The lives of Overseas Filipino Workers (OFWs) are not as easy as it looks—they leave their loved ones to work somewhere around the world, embrace foreign culture and sacrifice their own beliefs just so they can earn money and send it to their families back home.
Moreover, their remittances help the country’s economy remain afloat amid global financial crises. For these reasons, OFWs are heroes not just to their kin but to the country as well, making them worth of their label, mga bagong bayani (modern-day heroes).
As such, several movies had been made about OFWs including Caregiver, Anak, Edna and ‘Merika among others. But the lone documentary film in the 42nd Metro Manila Film Festival, Sunday Beauty Queen, seeks to implant a deeper understanding of modern heroes.
The weakness of the film is also its strength. No actors are employed but the impact goes straight to the heart as it offers real-life stories of real people. Unscripted with no special effects, this kind of film is a rare treat that that may just make viewers—even those who do not have any OFW in their family—change their perception about these modern-day heroes.
Four years in the making, writer-director Babyruth Villarama beautifully highlights the stories of domestic helpers in Hong Kong who work almost without sleep or rest from Mondays to Saturdays, and meet friends and compatriots only on Sundays. It’s on their day off that they organize and participate in transforming themselves into beauty queens and entertain their fellow Filipinos while raising funds for those who are in need of help among them.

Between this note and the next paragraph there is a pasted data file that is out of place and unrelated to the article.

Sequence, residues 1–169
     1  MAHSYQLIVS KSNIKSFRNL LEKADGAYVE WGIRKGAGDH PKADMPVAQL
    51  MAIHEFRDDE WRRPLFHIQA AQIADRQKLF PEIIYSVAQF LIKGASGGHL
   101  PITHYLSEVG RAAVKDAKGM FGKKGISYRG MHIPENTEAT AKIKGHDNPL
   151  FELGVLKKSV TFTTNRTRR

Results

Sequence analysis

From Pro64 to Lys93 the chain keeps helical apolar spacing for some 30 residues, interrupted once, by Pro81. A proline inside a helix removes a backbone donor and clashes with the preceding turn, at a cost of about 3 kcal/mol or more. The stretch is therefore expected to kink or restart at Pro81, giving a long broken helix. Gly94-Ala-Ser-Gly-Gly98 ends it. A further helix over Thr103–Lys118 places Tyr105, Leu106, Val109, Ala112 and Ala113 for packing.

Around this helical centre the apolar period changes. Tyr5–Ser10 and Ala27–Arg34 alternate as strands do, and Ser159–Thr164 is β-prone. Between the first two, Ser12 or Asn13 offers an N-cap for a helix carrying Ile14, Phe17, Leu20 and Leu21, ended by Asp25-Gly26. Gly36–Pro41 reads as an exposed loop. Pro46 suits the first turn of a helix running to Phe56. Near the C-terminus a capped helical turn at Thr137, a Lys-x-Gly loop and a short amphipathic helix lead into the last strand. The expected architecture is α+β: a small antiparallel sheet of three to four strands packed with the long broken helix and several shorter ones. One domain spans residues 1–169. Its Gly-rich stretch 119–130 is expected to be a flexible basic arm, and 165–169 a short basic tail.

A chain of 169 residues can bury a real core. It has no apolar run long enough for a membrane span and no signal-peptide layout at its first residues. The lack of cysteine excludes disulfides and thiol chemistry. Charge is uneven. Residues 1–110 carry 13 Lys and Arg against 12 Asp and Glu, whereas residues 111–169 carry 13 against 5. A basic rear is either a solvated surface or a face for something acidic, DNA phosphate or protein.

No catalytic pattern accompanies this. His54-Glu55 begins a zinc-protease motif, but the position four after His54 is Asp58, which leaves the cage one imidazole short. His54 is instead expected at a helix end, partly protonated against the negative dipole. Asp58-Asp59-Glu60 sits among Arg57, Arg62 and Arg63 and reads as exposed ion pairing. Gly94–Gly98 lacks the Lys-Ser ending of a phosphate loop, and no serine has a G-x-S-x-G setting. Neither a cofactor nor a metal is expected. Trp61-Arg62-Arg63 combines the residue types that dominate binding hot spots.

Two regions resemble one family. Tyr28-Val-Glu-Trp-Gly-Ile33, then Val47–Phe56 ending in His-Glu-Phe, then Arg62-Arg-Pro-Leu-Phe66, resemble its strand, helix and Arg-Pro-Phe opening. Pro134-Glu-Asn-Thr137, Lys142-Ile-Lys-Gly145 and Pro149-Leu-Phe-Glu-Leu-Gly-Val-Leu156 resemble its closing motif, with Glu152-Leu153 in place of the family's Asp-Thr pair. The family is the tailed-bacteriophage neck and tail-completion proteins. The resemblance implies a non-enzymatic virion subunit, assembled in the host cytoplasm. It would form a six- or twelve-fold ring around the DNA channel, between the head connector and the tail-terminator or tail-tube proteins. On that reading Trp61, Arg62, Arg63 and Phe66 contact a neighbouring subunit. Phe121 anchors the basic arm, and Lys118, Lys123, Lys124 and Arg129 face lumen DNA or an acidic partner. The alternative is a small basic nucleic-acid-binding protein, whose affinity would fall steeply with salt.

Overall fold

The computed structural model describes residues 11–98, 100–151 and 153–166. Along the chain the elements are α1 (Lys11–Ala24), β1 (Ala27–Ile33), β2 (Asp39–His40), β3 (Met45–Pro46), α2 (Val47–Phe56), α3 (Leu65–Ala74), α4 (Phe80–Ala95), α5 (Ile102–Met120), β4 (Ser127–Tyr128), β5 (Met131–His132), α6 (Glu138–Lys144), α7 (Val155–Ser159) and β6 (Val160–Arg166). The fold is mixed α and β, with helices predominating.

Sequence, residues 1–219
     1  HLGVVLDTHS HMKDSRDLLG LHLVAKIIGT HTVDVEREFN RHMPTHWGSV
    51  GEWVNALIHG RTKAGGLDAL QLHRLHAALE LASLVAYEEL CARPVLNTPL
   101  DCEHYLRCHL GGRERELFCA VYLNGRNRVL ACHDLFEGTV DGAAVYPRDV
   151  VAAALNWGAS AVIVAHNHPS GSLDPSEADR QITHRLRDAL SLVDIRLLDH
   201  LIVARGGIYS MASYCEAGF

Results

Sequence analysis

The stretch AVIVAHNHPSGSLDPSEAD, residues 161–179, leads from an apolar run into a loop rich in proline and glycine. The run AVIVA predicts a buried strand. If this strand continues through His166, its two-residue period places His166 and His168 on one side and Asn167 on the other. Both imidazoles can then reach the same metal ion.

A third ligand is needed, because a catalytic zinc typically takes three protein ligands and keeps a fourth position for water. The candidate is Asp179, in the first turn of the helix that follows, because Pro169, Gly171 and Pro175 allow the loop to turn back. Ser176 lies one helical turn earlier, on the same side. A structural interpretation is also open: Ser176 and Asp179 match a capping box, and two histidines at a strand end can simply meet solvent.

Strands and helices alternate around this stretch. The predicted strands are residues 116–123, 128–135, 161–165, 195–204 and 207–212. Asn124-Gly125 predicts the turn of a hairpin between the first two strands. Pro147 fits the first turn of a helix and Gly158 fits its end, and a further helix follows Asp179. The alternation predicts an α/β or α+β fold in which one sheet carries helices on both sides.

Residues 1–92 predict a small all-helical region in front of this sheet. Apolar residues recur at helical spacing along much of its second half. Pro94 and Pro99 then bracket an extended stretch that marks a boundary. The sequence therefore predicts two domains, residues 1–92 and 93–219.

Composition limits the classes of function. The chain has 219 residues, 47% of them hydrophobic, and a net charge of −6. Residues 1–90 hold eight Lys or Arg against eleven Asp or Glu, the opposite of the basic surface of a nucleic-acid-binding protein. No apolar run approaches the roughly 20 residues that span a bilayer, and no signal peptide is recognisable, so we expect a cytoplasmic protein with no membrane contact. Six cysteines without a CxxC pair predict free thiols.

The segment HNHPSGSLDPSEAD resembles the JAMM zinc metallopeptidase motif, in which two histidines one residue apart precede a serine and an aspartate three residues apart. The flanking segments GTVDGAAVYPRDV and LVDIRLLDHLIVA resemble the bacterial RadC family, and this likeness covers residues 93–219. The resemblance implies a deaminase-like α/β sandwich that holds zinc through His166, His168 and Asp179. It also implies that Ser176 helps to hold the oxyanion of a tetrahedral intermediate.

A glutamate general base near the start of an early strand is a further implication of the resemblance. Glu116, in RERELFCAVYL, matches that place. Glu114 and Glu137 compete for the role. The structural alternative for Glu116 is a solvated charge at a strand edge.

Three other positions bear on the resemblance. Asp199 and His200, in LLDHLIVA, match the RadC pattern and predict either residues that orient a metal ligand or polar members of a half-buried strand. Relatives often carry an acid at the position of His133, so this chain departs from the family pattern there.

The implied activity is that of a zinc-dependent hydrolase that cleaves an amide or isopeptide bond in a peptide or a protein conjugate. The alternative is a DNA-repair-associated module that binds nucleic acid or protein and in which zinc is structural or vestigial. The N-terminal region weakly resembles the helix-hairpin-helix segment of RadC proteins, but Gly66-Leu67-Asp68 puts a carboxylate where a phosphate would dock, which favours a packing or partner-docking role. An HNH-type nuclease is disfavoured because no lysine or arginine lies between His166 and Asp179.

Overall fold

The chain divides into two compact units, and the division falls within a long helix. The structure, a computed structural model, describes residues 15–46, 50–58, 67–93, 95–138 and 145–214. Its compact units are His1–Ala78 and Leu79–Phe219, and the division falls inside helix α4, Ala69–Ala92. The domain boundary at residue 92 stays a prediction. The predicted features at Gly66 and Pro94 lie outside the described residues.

The idea of pageants for some is possibly a waste of time, money and effort especially for low income earners like them, but it is a realization of Filipino strength and pride wherein through these kinds of entertainment, their longing to their families are pushed aside even just for a day.
Contrary to what other viewers perceive, watching this documentary will not offer dull moments—it will rather leave moviegoers laughing most notably during the times they are with their friends and among their large Filipino community. The documentary will also cause tears when these domestic helpers start sharing their struggles—sleeping in the kitchen or on the lounge room floor; getting terminated if they don’t get back at their employer’s home on their Sunday curfew; or being forced to eat food that are sometimes worse than the food of their employers’ dogs.
Emerging as Cinderellas of their own stories are Hazel Perdido, Mylyn Jacobo, Cherry Bretania, Leo Selomenio, and Rudelie Acosta —five women among thousands of OFWs in Hong Kong.
One of the most heartbreaking points in this documentary is Perdido watching her child’s graduation from her smartphone. While in tears, Perdido shares she has been working in Hong Kong for eight years and left her child in the Philippines when he was just a year-and-a-half old.
Selomenio, meanwhile, gives the film a lighter side. She is one of the lucky workers allowed by their employers to have their own place. On weekdays, after her morning till 7 p.m. shift, Selomenio supports other OFWs by finding them food, shelter, and even giving them advices. On Sundays, she organizes the beauty pageants where candidates vie for the crown.
By seeing how these Filipinos go about their lives as workers in a foreign country and how they find value in themselves through their organized beauty pageants, other Filipinos abroad can also build their self-esteem and stop labeling themselves as mere domestic helpers.
While Sunday Beauty Queen is just a glimpse of all the hardships and sacrifices OFWS go through for their families, the movie-going public’s patronization for this documentary should be a way to honor the country’s modern heroes.